DVLA expecting to spend £9.1m setting up the initiative compared to initial £24.1m budget


The MyLicence initiative has come in £15m under the DVLA’s budget as the first insurance companies start to go live on the system.

The initiative, run jointly by the DVLA, Motor Insurer’s Bureau and the ABI, is now expected to have cost the DVLA £9.1m to set up, compared with an initial forecast cost of £24.1m.

Support and maintenance of the system is estimated to cost the DVLA a further £2m a year.

A further undisclosed amount has come from the MIB.

MyLicence will verify information such as driver’s endorsements, disqualifications, points on their licence and the time a licence has been held, helping to eliminate application fraud and accidental non-disclosure.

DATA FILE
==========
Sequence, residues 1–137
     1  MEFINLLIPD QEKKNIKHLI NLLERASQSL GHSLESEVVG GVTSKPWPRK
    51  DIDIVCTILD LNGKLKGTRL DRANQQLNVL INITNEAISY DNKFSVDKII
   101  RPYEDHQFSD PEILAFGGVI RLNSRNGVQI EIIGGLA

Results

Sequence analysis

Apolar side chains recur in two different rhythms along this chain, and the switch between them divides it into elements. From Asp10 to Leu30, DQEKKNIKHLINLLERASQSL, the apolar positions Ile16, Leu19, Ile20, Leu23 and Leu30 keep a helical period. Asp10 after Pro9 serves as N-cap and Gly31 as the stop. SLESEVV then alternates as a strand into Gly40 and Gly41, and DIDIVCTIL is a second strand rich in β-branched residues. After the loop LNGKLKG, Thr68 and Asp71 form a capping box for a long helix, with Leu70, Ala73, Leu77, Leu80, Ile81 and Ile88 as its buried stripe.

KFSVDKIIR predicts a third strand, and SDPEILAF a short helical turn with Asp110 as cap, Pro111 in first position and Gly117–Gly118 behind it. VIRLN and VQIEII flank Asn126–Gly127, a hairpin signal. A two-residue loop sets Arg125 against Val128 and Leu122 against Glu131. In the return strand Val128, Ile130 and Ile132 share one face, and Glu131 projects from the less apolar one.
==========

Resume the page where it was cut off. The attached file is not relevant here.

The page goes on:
The project will allow insurers and brokers to verify driving information at the point of quote by connecting to the DVLA database.

A DVLA spokeswoman told Insurance Times: “The initial forecast of delivering MyLicence and the View Driving Licence service was £24.1m. By changing the way we work and through ‘agile’ working we were able to reduce the cost and the end-of-year forecast for these services is £9.1m.”

The ABI has said that it estimates point-of-quote verification to knock £15 off the average premium, with one in five consumers currently under-declaring their motoring convictions.

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